1. Charles Mack (1997), “Essential Principals,” Politics and the Practice of Government Relations. Westport, CT: Acorn Books, p. 207. Permission requested.
is the personal provision of information to government officials including
members of the legislature, commissions, staffs, and even the President or
other head of government. Lobbying is the process of influencing public
policy in much the same way as persuasion and requests or other forms of
communication are intended to influence others for whatever reason.
Lobbying takes place in all forms of organizations, although the term has
primarily been used to describe the private sector’s efforts to
influence government. However, government agencies and bodies also lobby
each other. For example, the executive branch of the government may lobby
the legislature and vice versa. Compared to other forms of influencing
government, such as testimony and advisory panels, lobbying is informal
and behind the scenes.
There are many reasons for lobbying, but at the core of them is the attempt by individuals and organizations to obtain either benefits or relief from government. For instance, the private sector cannot by itself change trade policy. It must depend on government. Those organizations most desirous of change will lobby for the changes they seek. Therefore, a reason here is there is no other recourse. Another reason is to gain an economic advantage or to nullify a sector opponent’s gain. Unions will therefore lobby to place duties on imports in order to maintain jobs. Another reason for lobbying is to single out a branch of government that will support a private sector goal that a different branch of government opposes. For example, an environmentalist interest group may seek national government control because local government control is inadequate. A different reason is to create new and different programs. All of these reasons and more can be attributed to the use of lobbying. Although other strategies could also be used, these serve as those, which would justify significant lobbying campaigns.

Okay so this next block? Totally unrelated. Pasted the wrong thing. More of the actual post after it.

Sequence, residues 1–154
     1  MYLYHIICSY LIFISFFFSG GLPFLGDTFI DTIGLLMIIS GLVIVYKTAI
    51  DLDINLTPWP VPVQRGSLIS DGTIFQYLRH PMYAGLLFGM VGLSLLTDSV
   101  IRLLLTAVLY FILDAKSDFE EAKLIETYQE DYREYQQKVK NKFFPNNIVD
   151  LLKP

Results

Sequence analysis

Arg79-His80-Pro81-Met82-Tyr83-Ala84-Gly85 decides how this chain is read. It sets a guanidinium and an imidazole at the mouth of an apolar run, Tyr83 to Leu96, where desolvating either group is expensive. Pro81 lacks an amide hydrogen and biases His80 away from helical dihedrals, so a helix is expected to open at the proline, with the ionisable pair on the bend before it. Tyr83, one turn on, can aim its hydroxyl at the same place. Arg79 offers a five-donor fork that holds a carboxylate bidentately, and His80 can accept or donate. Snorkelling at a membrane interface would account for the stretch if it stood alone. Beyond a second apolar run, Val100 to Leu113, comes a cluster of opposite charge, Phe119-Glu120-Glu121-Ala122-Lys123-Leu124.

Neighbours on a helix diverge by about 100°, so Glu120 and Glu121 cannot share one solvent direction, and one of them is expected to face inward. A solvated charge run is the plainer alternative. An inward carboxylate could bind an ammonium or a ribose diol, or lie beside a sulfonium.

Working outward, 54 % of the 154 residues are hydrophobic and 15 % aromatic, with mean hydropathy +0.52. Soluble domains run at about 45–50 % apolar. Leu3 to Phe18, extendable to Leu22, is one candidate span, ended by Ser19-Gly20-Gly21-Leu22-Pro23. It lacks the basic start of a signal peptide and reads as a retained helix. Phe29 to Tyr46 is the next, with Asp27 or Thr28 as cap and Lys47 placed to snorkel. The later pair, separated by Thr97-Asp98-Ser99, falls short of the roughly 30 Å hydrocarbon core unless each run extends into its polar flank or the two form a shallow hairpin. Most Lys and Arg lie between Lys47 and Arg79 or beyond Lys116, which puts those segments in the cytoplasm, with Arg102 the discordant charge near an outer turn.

apply their efforts in a number of ways. Three specific applications would